Shih Tzu is an ancient dog breed that belongs to the group of toy breeds.
Country of Origin: Tibet
Dog Group: Toy
Origin of Name: Shih Tzu simply means ‘Little Lion’. This breed is also known as the Chrysanthemum dog, owing to the way in which the hair on the face pans out in all directions, much like a chrysanthemum.
Monthly keeping costPremium
Rs. 3,000 Standard
Tendency to Bark:Very Less
Life Span - 11 to 12 years
Getting a puppy home - Expensive
Availability - Rare
About Shih Tzu :
With their beautiful flowing hair and upturned nose, Shih Tzus wear the air of snobbish royalty. Reality, however, is far from appearance: Chinese lion dog are amongst the most affectionate, playful, devoted dogs that ever existed. Even the most sceptical canine observer cannot ignore this breed’s charms for long. They love nothing more than to adore their family and make new friends wherever they go. They also easily adapt to most places, being equally comfortable in a small apartment and a big house with a yard. While originally bred to be companion animals to Chinese royalty, Shih Tzus quickly won the hearts of everyone they met and today, continue to be amongst the most popular breeds for families.
Visits to Groomer - High
Drooling - No
Bath - Regular
Tolerance to heat - Get a heatstroke
Tolerance to cold - Loves snow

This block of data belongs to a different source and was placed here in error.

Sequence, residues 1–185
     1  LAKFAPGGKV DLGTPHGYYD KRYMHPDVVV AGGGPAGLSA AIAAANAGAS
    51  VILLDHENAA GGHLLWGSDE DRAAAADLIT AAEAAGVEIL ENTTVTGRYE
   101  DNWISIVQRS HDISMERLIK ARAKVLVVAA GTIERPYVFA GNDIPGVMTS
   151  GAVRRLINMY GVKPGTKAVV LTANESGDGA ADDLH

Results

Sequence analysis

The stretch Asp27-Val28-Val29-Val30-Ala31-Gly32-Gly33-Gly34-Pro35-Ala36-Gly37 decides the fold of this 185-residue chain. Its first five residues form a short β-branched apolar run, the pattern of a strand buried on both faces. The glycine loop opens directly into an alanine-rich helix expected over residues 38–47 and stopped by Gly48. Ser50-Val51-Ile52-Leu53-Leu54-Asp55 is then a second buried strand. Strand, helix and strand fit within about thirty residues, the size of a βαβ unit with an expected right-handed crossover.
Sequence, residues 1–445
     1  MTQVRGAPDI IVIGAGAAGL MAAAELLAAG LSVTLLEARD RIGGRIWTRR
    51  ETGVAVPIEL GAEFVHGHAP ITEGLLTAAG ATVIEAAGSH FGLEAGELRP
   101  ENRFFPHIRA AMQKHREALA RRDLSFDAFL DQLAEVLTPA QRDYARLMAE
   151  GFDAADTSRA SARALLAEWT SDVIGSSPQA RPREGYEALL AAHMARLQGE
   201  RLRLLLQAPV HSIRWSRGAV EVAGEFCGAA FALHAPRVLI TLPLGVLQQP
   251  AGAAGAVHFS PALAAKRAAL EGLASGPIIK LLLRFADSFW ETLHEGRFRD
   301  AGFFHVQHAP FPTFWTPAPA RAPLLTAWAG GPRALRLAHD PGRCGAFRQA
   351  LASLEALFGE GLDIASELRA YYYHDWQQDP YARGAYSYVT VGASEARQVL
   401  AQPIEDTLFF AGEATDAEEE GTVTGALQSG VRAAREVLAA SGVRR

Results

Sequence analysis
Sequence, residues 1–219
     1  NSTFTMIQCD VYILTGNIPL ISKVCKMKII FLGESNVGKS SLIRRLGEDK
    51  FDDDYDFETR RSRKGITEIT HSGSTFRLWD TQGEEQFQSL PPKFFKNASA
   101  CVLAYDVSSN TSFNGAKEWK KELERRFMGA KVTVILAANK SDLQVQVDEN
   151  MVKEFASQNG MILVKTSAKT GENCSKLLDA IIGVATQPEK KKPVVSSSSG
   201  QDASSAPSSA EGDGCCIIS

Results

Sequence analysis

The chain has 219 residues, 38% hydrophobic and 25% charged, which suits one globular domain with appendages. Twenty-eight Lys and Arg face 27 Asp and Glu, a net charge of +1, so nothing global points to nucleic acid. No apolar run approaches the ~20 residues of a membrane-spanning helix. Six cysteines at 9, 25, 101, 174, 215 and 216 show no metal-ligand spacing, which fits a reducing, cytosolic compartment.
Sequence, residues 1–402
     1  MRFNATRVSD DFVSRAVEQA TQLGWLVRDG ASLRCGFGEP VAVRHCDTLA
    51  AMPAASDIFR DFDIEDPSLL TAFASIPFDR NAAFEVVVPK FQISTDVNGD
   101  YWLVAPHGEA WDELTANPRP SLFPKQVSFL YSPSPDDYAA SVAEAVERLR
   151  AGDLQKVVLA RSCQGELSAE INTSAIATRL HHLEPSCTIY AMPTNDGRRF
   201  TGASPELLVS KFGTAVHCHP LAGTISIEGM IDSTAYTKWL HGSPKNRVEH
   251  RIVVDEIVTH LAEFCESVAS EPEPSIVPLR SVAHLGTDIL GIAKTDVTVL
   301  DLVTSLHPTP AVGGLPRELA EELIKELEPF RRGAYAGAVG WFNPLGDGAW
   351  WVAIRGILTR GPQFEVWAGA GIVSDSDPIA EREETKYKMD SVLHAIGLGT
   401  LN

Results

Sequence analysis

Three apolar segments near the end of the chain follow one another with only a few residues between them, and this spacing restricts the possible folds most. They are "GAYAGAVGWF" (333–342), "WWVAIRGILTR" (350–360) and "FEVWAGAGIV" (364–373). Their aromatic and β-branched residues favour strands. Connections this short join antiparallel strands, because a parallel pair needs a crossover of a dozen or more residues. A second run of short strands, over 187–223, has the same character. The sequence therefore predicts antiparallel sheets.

Exercise Requirement - Lots
Under Coat - Yes
Colour - Fawn/Mix
Coat Type - Long
Hair Length - Flowing
Hair Density - Dense
Shih Tzus are generally a healthy breed but you have to remember when getting a puppy home that almost all breeds are prone to both generic and genetic conditions. Shih Tzus are famously prone to allergies that can be induced by a variety of reasons including food, bedding, shampoos, pollen and mildew. These can be easily treated with the help of medication and dietary changes.
Shih Tzus are greatly loved for their overall sunny disposition. Bred to be companion animals, they are good-natured, friendly, and highly adaptable. They are very well-suited for apartment living and love to please their human family. Their small size, however, puts them at a disadvantage whilst playing with very young children or much larger dogs, so all play between your Shih Tzu and very little children or several other animals needs to be monitored.
Training & Intelligence
Shih Tzus may be very people-friendly, but training them isn’t a walk in the park. They can be stubborn whilst learning, so be extra patient and innovative with this breed. Shih Tzus are big foodies, so positive reinforcement training methods using food and treats as rewards will work very well. Training needs to be consistent and repetitive, for the Shih Tzu to retain information and slowly learn right from wrong. Shih Tzus also have Small Dog Syndrome, which means they will try to take on dogs much larger than themselves, if they aren’t socialised early in their lives.
Litter Size-2 to 4 puppies (approximately)
Complication in Breeding-No
Shih Tzus are generally a healthy and there aren’t many complications attached to their breeding. As always, the thing to be most concerned about is having enough families lined up to adopt the puppies, so that they don’t fall into the wrong hands or get ill-treated by careless families. Shih Tzus attain sexual maturity anywhere between six to nine months of age, though they will be too young to breed at this point. Breeding, if at all, is recommended after the dog reaches two years of age. The average litter size is about two to four puppies. If you’re mating your dogs for the first time, it’s recommended that you take the help of a veterinarian.